The violent IDF thugs who invaded and occupied the Al Asqa Mosque last week, used as an excuse for the their actions, accounts of Palestinian youths throwing rocks at the estimated one thousand fundamentalist Jewish settlers who had tried to force their way into the Al Asqa compound.

    What if the events were reversed?

    What if Jewish youths threw stones at Palestinian fundamentalists encroaching on their property?

    What if heavily armed Islamist forces used this as an excuse to invade the Synagogue and violently attack the worshipers?

    They would be condemned around the world as terrorists and fascists, no matter what their alleged motive was.

    …..Earlier, more than 1,000 Israeli settlers forced their way into the Al-Aqsa Mosque compound under heavy protection of Israeli police.

  11. Rosemary McDonald 12

    Watched a new documentary on Netflix last night on how the rush to market of new medical devices have led to serious adverse effects. Doco looks into the highly dodgy FDA approval process and compromised bureaucrats.

    https://www.netflix.com/nz/title/80170862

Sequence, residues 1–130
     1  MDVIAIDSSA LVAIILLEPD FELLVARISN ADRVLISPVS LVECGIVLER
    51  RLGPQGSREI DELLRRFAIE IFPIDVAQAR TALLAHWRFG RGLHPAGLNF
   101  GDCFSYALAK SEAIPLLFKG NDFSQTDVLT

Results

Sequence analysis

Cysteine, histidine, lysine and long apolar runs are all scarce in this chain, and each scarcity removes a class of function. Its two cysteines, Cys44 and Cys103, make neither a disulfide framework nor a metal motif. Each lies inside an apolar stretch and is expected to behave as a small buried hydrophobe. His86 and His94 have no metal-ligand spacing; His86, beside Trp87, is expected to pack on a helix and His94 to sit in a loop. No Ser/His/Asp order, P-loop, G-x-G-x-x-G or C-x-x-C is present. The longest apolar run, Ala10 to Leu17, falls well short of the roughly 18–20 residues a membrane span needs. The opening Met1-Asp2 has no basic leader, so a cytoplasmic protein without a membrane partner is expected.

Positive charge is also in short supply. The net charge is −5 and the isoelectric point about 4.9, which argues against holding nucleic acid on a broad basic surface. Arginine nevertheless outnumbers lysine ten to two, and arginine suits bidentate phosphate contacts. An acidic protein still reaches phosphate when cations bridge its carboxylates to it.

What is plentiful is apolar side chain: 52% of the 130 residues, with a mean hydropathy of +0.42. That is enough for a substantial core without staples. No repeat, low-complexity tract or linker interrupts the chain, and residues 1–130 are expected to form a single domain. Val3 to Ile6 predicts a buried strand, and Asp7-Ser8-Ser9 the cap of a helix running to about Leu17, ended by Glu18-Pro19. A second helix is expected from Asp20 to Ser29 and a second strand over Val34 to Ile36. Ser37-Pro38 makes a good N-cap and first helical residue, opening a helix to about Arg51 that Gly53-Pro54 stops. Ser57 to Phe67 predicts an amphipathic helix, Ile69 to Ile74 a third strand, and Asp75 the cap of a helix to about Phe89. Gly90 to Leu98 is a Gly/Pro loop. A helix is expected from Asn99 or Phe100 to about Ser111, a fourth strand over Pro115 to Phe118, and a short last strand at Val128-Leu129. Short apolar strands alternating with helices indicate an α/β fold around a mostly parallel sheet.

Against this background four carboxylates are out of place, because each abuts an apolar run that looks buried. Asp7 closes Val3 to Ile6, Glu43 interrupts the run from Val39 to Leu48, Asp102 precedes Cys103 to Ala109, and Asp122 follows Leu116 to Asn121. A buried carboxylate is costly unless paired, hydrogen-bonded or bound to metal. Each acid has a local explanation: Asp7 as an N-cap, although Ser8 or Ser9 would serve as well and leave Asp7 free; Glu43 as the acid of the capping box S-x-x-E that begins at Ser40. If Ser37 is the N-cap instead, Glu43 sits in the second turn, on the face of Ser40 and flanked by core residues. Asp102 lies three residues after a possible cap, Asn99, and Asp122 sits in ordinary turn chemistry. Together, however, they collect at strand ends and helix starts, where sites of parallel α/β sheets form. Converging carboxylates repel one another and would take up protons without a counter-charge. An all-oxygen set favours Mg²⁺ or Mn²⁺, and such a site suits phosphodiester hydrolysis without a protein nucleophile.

Coincidentally, Natrad aired this … https://www.radionz.co.nz/national/programmes/ninetonoon/audio/2018655786/calls-to-beef-up-reporting-of-adverse-drug-side-effects

    …which discusses drug reactions and their gross under reporting.

    Natrad, especially Kathryn Ryan on Nine to Noon, have done some seriously good work on highlighting NZ’s own scandalous treatment of women impacted by surgical mesh.

    https://www.radionz.co.nz/national/programmes/ninetonoon/audio/2018638962/is-there-still-a-case-for-surgical-mesh

    • One Two 12.1

      FDA/CDC/DOH et al…deeply conflicted and compromised…and directly responsible for an unfathomable number of deaths and injury…

      Approvals process for ‘drugs’ is more stringent than for biologicals…both are now ‘fast tracked’ …for the public good of course…the approvals processes are forcast into corporate earnings/profit report…

      Biologicals were not mentioned in the article about reporting/capturing/tracking of adverse events…

    • millsy 12.2

      Putting a piece of wire into a fallopian tube on the reliance that it would inflame it and then scar over is something that shouldn’t have made it off the drawing board.